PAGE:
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Vatican admits talks with Beijing rocky

VATICAN (UCAN): While the ongoing talks between the Holy See and Beijing have been described by commentators as hitting a rocky patch, the Vatican secretary of state, Pietro Cardinal Parolin, said on August 2 that discussion over the appointment of bishops has presented new challenges.
Cardinal Parolin explained that as tensions continue to mount since the latest round of clandestine talks between the two sides in June, he is wondering if what he terms the Far East has its own particular way of dialoguing with the Catholic Church that is not known to others.
He told Il Sole 24 Ore on July 27, “Certainly, compared with past times, new challenges have cropped up that call for unprecedented and creative responses, but in the end, the aim of the Church has always been the same and it is by nature pastoral: bring God to man and man to God.”
The Vatican diplomat said, “Specifically, the Catholic Church asks that people are guaranteed the right to freely profess their faith for the benefit of everyone and for harmony in society. Catholics wish to live their faith serenely in their respective countries like good citizens, working toward the positive development of the national community.”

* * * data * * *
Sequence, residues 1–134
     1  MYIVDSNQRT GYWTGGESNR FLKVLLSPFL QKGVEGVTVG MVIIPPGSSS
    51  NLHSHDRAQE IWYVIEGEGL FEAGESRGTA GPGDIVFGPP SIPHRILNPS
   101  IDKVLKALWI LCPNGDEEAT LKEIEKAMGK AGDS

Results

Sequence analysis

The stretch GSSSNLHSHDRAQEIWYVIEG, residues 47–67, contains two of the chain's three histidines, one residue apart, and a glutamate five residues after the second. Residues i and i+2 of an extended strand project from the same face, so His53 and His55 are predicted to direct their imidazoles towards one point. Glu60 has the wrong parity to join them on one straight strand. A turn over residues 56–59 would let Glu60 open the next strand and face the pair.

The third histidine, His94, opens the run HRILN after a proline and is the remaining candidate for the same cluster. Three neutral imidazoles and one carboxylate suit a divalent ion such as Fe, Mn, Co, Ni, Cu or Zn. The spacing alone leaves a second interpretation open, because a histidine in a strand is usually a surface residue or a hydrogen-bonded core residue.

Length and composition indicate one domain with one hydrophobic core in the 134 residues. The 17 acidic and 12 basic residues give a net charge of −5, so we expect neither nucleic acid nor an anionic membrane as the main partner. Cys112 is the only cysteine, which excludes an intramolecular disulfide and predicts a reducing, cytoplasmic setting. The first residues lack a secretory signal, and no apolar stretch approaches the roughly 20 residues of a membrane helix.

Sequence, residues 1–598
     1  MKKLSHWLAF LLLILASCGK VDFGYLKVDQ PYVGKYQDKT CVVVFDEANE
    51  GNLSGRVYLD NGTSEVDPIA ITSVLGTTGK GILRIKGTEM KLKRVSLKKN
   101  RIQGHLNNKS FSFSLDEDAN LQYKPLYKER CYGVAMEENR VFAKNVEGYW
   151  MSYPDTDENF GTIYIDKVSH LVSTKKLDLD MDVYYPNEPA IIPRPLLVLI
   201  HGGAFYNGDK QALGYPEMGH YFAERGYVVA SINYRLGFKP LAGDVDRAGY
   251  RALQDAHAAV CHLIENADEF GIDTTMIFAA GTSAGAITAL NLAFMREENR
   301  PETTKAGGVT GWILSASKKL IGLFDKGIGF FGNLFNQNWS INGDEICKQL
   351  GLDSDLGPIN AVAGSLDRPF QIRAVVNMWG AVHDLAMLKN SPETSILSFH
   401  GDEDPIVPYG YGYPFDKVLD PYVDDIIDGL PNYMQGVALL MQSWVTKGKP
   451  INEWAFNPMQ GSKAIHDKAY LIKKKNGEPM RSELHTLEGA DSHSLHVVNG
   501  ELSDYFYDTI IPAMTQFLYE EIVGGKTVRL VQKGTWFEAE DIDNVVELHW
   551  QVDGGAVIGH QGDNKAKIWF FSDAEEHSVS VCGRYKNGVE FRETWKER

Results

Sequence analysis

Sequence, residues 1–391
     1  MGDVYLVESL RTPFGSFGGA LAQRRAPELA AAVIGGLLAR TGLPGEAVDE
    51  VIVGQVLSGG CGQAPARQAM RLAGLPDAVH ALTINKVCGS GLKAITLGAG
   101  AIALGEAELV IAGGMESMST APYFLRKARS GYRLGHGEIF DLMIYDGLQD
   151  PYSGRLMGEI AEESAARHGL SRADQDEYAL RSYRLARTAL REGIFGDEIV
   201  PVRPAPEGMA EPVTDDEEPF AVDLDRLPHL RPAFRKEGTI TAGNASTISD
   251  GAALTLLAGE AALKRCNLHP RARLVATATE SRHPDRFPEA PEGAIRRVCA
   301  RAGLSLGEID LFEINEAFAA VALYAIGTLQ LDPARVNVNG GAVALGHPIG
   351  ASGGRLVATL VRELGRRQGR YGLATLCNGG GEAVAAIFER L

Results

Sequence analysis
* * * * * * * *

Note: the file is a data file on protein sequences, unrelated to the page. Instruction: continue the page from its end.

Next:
The cardinal added, “In this framework, I think that the path of dialogue taken up by the governments of some countries of the region should be welcomed, including China.”
Cardinal Parolin was the chief negotiator in an earlier round of talks held in the first decade of the 21st century, which floundered when Pope Benedict XVI called a halt to them in 2009.
“Dialogue in itself is already a positive fact, which opens towards encounter and helps confidence to grow. We face it in a spirit of healthy realism, knowing well that the destiny of humanity is, above all, in the hands of God,” the Vatican man-in-the-middle said.
Chinese observers believe the latest round of talks that ended on June 28 did not go smoothly, saying that there was no open gesture coming from either side.
On June 26, the Vatican issued a statement saying it was saddened with the situation of the disappearance of Bishop Peter Shao Zhumin, from Wenzhou.
The Foreign Ministry in Beijing issued a rebuke claiming the Vatican statement was not a reasonable and correct thing to do and that China opposed any country using so-called individual cases to interfere in its internal affairs.
“The Vatican statement and remarks by Chinese officials show tension between both sides. Something must have happened before or during the secret talks that outsiders do not know of yet,” a Catholic commentator, who asked not to be named, remarked.
“The timing indicates that the latest round of negotiations was not as smooth as expected,” he added.

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